Comparing ‘red light’ and ‘green light’ universities is like comparing apples and oranges

June 15, 2020

When I began my college search, I was looking for an orange: a university that promoted a vibrant culture of free inquiry and expression. I thought the University of South Florida was a fantastic candidate because it was located in a demographically diverse, politically contentious, and culturally vibrant state. I hoped to find at USF a campus that protected its students’ rights to express and contend with diverse ideas. Instead, what I found as a freshman last fall was an apple: a university failing to protect students’ free speech rights.

Following a recent revision of its sexual harassment policy, USF became the only public institution in the state of Florida to earn an overall “red light” rating in FIRE’s Spotlight database an indication that a university has “at least one policy that both clearly and substantially restricts freedom of speech.” 

USF’s sexual harassment policy prohibits “verbal, nonverbal or physical conduct of a sexual nature.” Yet, this policy deviates from the standard established by the U.S. Supreme Court in Davis v. Monroe County Board of Education in 1999, which defined peer-on-peer harassment as conduct “so severe, pervasive, and objectively offensive, and that so undermines and detracts from the victims’ educational experience, that the victim-students are effectively denied equal access to an institution’s resources and opportunities.” The U.S. Department of Education’s new Title IX regulations, released in May, also utilize the standard from Davis

Because USF’s policy is much broader than Davis, protected speech containing any kind of sexual reference can be classified as a violation of the sexual harassment policy, and punished as such. Thus, a classroom discussion of teenage pregnancy or a crude comedy show could be construed as a violation of university policy and punished as harassment. 

USF also maintains five “yellow light” policies that “could too easily be used to restrict protected expression.”

USF could follow the lead of other Florida universities with green lights: the University of Florida, Florida State University, and the University of North Florida have all revised their speech codes to get one. Even Florida’s legislature and governor have encouraged speech-protective policies on campus.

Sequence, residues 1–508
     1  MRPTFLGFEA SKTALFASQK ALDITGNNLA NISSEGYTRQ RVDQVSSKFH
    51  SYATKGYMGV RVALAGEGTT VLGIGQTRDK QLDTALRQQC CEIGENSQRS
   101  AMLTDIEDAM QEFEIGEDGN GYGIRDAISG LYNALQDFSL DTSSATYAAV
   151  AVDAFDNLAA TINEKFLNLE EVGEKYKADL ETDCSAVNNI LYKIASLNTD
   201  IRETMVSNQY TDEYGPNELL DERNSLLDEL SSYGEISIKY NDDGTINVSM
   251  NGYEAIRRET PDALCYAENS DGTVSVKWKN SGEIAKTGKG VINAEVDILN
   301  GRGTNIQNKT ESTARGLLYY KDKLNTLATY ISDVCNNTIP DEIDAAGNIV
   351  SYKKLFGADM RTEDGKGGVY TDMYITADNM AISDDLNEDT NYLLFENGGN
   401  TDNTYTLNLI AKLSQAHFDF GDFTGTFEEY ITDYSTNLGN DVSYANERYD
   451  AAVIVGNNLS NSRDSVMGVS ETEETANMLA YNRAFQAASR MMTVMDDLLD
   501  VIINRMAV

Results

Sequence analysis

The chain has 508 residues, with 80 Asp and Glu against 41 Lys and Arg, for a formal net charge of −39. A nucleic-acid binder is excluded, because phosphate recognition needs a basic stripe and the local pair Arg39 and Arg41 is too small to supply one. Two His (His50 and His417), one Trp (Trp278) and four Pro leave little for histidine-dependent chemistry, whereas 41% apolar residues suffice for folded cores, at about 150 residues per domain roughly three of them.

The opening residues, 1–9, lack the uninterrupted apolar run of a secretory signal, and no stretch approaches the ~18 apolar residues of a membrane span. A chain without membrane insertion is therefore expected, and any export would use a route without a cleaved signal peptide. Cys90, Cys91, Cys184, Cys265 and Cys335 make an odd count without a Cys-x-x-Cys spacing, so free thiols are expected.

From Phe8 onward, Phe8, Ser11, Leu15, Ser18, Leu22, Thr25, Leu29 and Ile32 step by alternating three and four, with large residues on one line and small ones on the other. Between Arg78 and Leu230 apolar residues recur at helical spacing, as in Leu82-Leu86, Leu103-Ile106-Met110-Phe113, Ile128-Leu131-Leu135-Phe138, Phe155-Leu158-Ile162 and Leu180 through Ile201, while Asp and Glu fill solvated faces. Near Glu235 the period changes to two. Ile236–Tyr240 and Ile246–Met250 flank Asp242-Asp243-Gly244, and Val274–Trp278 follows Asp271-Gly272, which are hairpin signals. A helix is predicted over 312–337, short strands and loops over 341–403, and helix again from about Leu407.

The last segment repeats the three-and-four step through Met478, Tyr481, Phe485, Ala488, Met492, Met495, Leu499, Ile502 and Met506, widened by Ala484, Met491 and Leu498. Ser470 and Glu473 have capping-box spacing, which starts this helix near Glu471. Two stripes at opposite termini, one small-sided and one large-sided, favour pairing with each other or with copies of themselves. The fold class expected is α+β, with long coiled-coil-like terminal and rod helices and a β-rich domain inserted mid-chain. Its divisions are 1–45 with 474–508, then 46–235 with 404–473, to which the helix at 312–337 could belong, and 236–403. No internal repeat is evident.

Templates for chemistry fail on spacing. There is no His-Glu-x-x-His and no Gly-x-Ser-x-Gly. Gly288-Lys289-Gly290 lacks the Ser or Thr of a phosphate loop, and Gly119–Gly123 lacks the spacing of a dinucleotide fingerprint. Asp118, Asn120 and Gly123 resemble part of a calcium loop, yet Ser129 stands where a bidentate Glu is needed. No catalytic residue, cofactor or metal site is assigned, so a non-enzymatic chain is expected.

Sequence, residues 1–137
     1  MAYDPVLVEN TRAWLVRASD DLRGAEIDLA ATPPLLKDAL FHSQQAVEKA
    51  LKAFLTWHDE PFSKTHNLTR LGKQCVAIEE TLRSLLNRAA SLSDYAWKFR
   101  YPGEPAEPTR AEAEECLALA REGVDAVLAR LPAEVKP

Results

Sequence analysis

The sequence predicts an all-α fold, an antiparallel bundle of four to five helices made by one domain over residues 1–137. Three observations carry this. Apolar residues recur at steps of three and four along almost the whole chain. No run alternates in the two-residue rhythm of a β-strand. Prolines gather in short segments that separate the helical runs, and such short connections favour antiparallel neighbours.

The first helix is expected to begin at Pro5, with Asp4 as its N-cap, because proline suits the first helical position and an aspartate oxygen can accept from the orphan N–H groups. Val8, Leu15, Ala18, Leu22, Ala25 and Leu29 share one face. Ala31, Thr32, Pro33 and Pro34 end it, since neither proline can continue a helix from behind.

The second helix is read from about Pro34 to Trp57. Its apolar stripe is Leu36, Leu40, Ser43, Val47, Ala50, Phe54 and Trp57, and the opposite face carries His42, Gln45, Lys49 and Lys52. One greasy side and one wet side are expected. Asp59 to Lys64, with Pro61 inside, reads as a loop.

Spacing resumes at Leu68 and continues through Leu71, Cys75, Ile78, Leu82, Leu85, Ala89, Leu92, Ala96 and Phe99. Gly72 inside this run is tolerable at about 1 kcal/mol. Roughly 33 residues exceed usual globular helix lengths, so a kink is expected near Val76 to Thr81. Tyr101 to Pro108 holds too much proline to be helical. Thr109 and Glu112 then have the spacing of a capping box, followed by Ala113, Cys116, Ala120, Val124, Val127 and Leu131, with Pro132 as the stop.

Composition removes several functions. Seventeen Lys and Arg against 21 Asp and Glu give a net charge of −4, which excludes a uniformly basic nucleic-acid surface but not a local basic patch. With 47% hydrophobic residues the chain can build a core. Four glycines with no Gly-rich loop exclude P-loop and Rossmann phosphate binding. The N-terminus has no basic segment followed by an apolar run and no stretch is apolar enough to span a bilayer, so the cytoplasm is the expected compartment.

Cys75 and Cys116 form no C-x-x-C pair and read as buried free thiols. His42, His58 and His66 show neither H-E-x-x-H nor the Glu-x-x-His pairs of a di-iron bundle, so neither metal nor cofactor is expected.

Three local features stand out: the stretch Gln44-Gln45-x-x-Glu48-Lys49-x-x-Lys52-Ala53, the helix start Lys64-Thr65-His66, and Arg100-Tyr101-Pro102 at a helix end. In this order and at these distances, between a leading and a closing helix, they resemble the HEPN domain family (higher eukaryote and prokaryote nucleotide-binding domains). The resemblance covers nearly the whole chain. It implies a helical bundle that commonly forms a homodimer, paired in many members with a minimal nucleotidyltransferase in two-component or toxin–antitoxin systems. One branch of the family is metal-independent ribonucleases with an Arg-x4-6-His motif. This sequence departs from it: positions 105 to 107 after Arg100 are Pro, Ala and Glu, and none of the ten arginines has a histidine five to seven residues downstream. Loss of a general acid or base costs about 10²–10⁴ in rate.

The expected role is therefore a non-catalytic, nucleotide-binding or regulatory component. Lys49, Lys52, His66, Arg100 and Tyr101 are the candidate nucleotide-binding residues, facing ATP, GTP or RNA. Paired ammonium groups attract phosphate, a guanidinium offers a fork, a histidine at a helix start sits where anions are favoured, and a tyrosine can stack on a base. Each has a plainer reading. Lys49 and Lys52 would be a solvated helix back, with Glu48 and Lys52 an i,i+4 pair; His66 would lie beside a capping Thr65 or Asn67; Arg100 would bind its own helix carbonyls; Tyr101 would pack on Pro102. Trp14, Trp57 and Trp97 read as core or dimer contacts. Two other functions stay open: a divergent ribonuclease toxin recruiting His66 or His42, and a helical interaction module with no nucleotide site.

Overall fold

Despite its restrictive speech policies, last fall USF’s campus was brimming with palpable excitement when other university rankings showed USF’s had jumped, becoming America’s “fastest rising university.” Many in the campus community were excited about this growth because it placed USF on a trajectory comparable to that of Florida’s flagship public universities. However, if USF wants to compare itself with the flagship oranges in the state, it has to abandon its apple status and join the green light cohort.

USF’s poor track record for student speech rights undermines its academic success and viability as a competitor in the State University System of Florida. If students cannot have academic conversations with the confidence that their right to speak is protected, they will not be willing to do so. In such a chilled campus climate, students’ abilities to develop a nuanced and reasoned understanding of ideas is severely limited. 

USF says it reveres the values of “truth and wisdom,” but maintains speech codes that make it impossible for its students to confidently put those values into practice. Until USF makes the necessary reforms to its speech codes, it should not be celebrated as an institution comparable to other respected Florida universities. Like apples and oranges, there is simply no comparison between institutions that protect students’ First Amendment rights and those that do not. Institutions that protect this fundamental value will always be a step ahead of the competition. 


Samuel Rechek is a rising sophomore at the University of South Florida and a FIRE Summer Intern.


Schools:  University of South Florida